“A yeast infection is nothing more than an overgrowth of microorganisms that are already present…” – Dr. Katherine McHugh
A yeast infection is a common condition that develops in the genitals, feet, or mouth. However, it’s mostly associated with a female problem because 75 percent of women get a yeast infection at some point in their life, as per a study in The Lancet journal. Sometimes, however, a yeast infection could be a symptom of another health condition and here are some signs that you should never ignore:
Here Are 9 Signs of A Yeast Infection to Never Ignore
1. You have a thick and chunky discharge.
It’s normal to experience a vaginal discharge with clear to milky consistency, as your body goes through the monthly ovulation process. But a thick and excessive discharge, with some curdling similar to the consistency of cottage cheese, could be very uncomfortable.
Women don’t usually complain about normal discharge but a yeast infection can feel icky and uncomfortable. While this symptom is treatable, you should consider getting tested for any presence of Candida albicans in your system. According to the Central European Journal of Urology, an excess of this fungus might trigger a urinary tract infection (UTI). If left untreated, a UTI could cause serious problems in the kidneys.
2. Your private part has a strong and abnormal odor.
Some discharges, including a yeast infection discharge, doesn’t have a strong odor. But when there’s an unpleasant stench, you should definitely have this checked. A yeast infection might not be the primary reason behind the abnormal vaginal odor. Rather, it could be a symptom of a different condition. You might have developed a common problem like bacterial vaginitis or trichomoniasis. However, the smell might also be a symptom of cancer, as per the Mayo Clinic.
Aside from practicing good hygiene, you may need to take prescription medication to get rid of this problem. Also, doctors advise against douching since this will disrupt the natural acidity in your vagina and lead to more serious health problems.
3. Your private part feels very dry.
A yeast infection causes vaginal dryness because of an acid-alkaline (pH) imbalance in your system. This condition is also linked to lower estrogen levels, which is common to women going through menopause.
Sometimes, the medication or birth control pills you’re taking may be the cause of the dryness, so ask your doctor if you can switch to a different brand. Vaginal dryness can lead to pain during intercourse, as well as a drop in the libido. Some women use lubricants for relief but studies show that lubricants might only worsen the symptoms of yeast infection.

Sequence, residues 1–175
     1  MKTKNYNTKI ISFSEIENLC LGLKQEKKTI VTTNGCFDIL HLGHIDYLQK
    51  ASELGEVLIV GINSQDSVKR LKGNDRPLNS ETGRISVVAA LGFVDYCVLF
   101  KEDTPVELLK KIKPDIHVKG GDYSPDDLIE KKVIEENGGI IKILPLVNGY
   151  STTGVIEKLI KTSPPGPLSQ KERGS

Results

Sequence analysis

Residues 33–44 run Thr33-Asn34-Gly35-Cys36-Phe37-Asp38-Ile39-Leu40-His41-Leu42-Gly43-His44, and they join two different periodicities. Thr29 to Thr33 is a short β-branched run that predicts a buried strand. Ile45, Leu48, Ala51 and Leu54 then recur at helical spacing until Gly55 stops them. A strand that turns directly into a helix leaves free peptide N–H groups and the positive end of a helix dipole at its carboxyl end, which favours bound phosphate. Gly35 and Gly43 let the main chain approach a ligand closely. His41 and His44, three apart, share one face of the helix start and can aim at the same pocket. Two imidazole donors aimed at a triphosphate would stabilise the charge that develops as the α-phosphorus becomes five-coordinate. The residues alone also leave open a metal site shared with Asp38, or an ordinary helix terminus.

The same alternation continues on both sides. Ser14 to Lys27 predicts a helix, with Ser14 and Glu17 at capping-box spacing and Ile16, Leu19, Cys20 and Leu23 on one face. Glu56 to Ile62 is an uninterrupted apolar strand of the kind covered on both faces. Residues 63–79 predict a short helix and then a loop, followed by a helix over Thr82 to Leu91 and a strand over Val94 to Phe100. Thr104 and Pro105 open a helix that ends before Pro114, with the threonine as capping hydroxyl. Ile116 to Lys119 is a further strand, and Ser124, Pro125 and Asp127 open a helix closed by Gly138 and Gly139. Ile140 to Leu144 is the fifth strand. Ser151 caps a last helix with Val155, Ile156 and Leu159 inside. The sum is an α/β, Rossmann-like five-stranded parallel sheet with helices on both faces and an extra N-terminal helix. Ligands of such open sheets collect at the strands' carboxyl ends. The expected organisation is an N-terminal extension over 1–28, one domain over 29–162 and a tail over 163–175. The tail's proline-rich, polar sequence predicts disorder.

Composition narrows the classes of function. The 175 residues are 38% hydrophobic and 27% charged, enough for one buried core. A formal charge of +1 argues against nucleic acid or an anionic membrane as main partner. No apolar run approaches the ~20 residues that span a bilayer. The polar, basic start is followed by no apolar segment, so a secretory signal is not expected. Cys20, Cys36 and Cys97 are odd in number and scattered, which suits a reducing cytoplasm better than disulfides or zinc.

4. You have an itch in your crotch that’s very intense.
If you’re itching, it means your vagina is reacting to the yeast infection and scratching it won’t soothe the problem. The more you scratch, the worse it will get because your vagina is already irritated and inflamed.
A doctor might prescribe anti-fungal treatments that will lessen the itch, but you also have to make a few changes to get some relief. Try not to use feminine products that have strong perfumed scents. Also, get yourself checked for pubic lice as this might actually be the problem, and not a yeast infection.
5. You feel a burning sensation as you urinate or when you’re intimate.
Do you feel any burn when you urinate? Does it hurt when you’re in an intimate moment with your partner? It’s likely because the yeast infection caused some swelling and soreness around the vulva. However, you should never ignore or tolerate the pain. Seek a doctor’s help right away, as this might be a sign of endometriosis. This condition can progress to complications such as infertility or ovarian cancer.
6. You get no relief from taking yeast infection medications.
If you’ve been prescribed a yeast infection medication but feel no signs of improvement after a week, then you might have a resistant strain. You may need to change your treatment plan. However, don’t do this without getting a consult first. See a doctor who can order a culture in order to determine what’s really affecting your system.
7. You experience abdominal pain.
If you’ve been diagnosed with a yeast infection but feel pain in your abdomen, don’t delay going back to the doctor. Yeast infection affects your vagina and vulva only. If the pain extends to the abdomen, then you need to have your cervix and uterus checked. Some vaginal problems start off with similar symptoms as a yeast infection.